The year was 1971.
President Nixon (and Vice President Spiro Agnew) had yet to descend into scandal. In fact, Nixon was widely lauded for encouraging "ping pong diplomacy," as the U.S. table tennis team became the first American athletes to visit Mao's Red China.
The World Series ended in a thrilling seven-game victory by the Pittsburgh Pirates, whose star outfielder Roberto Clemente and Series MVP would be killed in a plane crash just months later.
In entertainment, despite competition from such classics as A Clockwork Orange, The French Connection and Fiddler on the Roof, the coveted Best Picture Oscar went to Patton, in which George C. Scott set the standard for true-to-life portrayals of historical figures. And the Grammys were swept by Simon and Garfunkel and their iconic song, Bridge Over Troubled Waters.
Although that was 40 years ago, it sometimes doesn't seem so long ago or all that different from contemporary America. But there were substantial differences between then and now. The U.S. population then was only 207 million, and as I like to remind my teen-aged son, there was no Internet, no cable TV, no CDs, no iPods, no iPhones, no digital cameras, no cellphone videos.
Heck, there were no VCRs and those bulky video cassettes, much less DVDs or streaming video.
There was one other distinct difference: 1971 was by most analyses the peak year for domestic consumption of red meat. In 1971, per capita beef consumption was 83.9 pounds; pork consumption was 60.6 pounds; and "other" red meat (lamb and veal, primarily) was 5.1 pounds.
By comparison, 40 years later the comparable figures in 2011 were beef, 57 pounds per capita; pork, 45.1 pounds; and other red meat was only 1.2 pounds per person.
That means that total red meat consumption has declined by nearly one-third in just four decades. For many industries, losing a third of total market share would be catastrophic.
Of course, it's no mystery what has happened since 1971.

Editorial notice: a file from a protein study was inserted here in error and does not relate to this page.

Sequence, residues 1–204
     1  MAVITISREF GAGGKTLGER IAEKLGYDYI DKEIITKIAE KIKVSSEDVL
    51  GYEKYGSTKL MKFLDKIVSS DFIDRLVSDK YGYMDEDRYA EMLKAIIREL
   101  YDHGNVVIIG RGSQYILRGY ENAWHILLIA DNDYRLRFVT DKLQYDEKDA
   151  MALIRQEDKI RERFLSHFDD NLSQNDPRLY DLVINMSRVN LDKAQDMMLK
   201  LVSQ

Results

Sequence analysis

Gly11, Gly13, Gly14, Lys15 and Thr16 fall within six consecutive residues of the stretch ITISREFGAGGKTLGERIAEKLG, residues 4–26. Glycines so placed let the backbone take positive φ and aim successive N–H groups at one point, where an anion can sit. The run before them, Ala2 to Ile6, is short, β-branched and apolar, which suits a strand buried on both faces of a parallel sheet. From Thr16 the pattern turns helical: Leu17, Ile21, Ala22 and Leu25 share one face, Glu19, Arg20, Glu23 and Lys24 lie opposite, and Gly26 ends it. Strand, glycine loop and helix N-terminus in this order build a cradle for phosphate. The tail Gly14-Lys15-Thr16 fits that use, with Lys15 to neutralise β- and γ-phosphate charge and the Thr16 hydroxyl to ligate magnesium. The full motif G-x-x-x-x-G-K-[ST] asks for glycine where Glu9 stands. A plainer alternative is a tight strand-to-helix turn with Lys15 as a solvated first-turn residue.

Thanks to a concerted campaign by dietary and medical experts to dissuade people from consuming too much "fat," millions of Americans switched to poultry (ie, chicken), while avoiding so-called "unhealthy" beef and pork.
It didn't matter that much of that chicken consumption was in the form of nuggets, breaded patties and fried chicken, hardly a lower calorie, lower fat alternative. White was right, and red meat was dead meat.
But enough of a trudge through history. Now, in 2016, there is good news in the meat sector.
According to data compiled by Rabobank, the financial giant many consider one of the world's most authoritative predictors of economic trends in agribusiness and commodity markets, per-capita meat consumption in the United States appears to be increasing at the fastest rate since that vaunted year of 1971.
Americans now consume about 193 pounds of beef, pork and chicken per person per year, which represents an increase of 5% versus an average of 184 pounds per capita just four years earlier. And according to William Sawyer, Rabobank director of food and agricultural research, total per-capita meat consumption will reach record levels of more than 200 pounds/year by 2018.
Among the reasons Sawyer cited in an article on the MarketWatch website are a stronger dollar and, more importantly, significant increases in the domestic supply of pork and poultry. The increased consumption of those two meats is less about health and environmental concerns (despite mountains of activist arguments to the contrary) and more about the ultimate driver of consumer preference: Price.
Chicken is popular because it's cheaper, not because people consider it tastier or more nutritionally valuable.
So while the beef industry faces continuing challenges in pushing back against the (alleged) eco-impact of cattle production and the controversies swirling around studies suggesting that processed meats increase the risk of cancer, the good news is that the vegetarian option is nowhere near displacing the traditional animal foods that have sustained Americans for centuries.
Yes, red meat consumption has declined, but in recent years, more so as a function of comparative pricing, not from fear over health or environmental concerns.
And if we're to believe the predictions made by analysts who get paid big bucks to figure out where food trends are heading, vegetarian activists might as well sit back and console themselves with a hearty meal of tofu and tomatoes.
Because America's not going full veggie.
Not now, not ever.
The opinions expressed in this commentary are solely those of Dan Murphy, a veteran food-industry journalist and commentator.